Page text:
4.2. Meniscus

The meniscus is composed of lateral fiber and medial transparent chondroid tissues. It disperses the pressure between the tibia platforms and the femoral condyle. Damage to the meniscus is often due to direct violence and can also reflect chronic degeneration [85]. Like cartilage injury, meniscus injury shows limitations in self-repair. Only the lateral fiber, which has a blood supply, can be stitched, but damage to this fiber is quite rare. Apart from causing restricted movement of the knee joint, meniscus injury also changes the mechanical structure of the joint, accelerating cartilage degeneration therein. The most commonly used treatment for meniscus injury is arthroscopic suture or resection. This procedure can provide the best mechanical stability in the meniscus and the strongest binding force in the damaged area. Meniscus injuries that are unable to be sutured are generally treated by meniscus merotomy and meniscus resection [86]. Allograft meniscus transplantation and synthetic materials have been applied clinically and have shown better prevention of knee joint degeneration compared with meniscus resection [87, 88]. Numerous reports describing the use of stem cell-associated tissue engineering to treat meniscal injury have demonstrated advantages in meniscus regeneration, showing promise for future meniscus injury treatments [89, 90].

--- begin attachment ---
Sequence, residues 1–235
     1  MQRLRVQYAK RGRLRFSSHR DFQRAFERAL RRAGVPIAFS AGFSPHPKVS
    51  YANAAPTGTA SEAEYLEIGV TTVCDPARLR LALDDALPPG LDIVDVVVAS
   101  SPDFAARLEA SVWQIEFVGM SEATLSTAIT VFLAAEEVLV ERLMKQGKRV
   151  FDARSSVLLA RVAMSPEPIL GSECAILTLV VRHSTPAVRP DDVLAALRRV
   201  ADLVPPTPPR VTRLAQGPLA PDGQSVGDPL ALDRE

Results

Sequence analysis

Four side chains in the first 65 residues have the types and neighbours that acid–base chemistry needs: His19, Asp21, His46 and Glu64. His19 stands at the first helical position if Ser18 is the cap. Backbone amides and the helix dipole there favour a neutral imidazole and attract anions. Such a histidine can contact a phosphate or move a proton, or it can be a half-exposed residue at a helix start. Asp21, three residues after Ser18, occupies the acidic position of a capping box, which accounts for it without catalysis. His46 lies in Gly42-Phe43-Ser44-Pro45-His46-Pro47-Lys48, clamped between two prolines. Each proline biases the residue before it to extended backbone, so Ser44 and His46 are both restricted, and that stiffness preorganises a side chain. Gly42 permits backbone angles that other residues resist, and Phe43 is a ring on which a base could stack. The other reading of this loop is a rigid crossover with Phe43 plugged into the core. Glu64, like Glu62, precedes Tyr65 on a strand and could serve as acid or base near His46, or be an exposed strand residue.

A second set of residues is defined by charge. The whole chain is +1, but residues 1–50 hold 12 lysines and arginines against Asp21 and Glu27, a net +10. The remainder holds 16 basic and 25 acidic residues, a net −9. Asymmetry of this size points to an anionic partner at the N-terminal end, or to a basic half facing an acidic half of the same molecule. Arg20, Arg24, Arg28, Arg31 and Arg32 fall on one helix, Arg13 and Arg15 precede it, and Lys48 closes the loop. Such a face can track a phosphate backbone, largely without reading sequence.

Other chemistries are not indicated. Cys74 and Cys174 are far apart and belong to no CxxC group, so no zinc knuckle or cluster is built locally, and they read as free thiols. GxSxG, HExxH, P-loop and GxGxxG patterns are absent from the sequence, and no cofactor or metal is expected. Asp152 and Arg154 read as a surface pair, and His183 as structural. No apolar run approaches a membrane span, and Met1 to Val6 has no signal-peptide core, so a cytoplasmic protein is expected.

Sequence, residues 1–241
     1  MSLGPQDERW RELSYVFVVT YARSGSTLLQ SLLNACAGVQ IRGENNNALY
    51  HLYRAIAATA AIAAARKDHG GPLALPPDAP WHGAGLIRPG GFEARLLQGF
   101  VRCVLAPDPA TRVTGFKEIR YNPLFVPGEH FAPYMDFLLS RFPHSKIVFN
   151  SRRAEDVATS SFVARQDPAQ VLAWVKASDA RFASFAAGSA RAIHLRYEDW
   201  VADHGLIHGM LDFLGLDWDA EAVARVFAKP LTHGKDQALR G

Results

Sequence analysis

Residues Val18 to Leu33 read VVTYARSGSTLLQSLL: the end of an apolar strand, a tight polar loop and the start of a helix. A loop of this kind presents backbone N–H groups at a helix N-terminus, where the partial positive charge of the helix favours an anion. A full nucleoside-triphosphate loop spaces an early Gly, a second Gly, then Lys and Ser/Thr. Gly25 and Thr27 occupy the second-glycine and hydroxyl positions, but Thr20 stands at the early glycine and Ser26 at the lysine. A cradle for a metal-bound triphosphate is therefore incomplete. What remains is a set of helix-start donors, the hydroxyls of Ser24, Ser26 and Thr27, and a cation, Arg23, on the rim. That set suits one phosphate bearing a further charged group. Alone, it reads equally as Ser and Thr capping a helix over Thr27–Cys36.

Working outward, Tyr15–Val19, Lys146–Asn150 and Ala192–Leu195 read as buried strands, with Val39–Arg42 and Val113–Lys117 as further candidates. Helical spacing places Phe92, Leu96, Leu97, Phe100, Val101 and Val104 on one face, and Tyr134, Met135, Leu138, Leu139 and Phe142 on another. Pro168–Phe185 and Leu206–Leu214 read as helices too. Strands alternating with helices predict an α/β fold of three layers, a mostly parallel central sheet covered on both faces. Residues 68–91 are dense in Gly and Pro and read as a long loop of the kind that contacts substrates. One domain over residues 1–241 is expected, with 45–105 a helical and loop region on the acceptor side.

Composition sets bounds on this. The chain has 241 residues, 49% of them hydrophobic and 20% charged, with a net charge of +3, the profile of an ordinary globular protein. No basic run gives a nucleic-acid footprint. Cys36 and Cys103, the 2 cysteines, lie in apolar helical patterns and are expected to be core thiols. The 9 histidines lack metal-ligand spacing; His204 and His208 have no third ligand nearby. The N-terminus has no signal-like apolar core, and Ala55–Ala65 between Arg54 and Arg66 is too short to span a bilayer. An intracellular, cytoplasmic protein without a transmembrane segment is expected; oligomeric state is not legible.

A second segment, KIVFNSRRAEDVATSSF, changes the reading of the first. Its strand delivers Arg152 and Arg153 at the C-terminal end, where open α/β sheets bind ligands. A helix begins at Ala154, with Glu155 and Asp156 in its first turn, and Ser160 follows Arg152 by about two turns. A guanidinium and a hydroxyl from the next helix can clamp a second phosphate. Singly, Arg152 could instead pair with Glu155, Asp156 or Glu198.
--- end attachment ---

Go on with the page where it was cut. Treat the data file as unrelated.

4.3. Intervertebral Disc

Many patients experience back pain (lifetime prevalence of up to 84%) [91]. Although back pain is a complex disease that can be affected by multiple factors, the majority of back pain in patients is caused by acute injury and degeneration of the intervertebral disc [92]. The intervertebral disc is formed by the inner core of the nucleus pulposus (NP) and the annulus fibrosis, which surrounds the NP. The former consists of chondrocyte-like intervertebral disc cells, unarranged collagen, and gel-like matrix components that are rich in proteoglycans. NP consists of parallel collagen fibers that form a circular arrangement and fibroblast-like cells [93]. Most acute injury due to mechanical force causes the annulus fibrosis to fall apart, and herniated NP oppresses the surrounding tissues, resulting in clinical symptoms. The pathogenesis of intervertebral disc degeneration is unclear; however, the increased rate of intervertebral disc cell death, loss of the ECM, change of phenotype of the intervertebral disc cells, and excessive inflammatory reaction are thought to play a key role in intervertebral disc degeneration [94].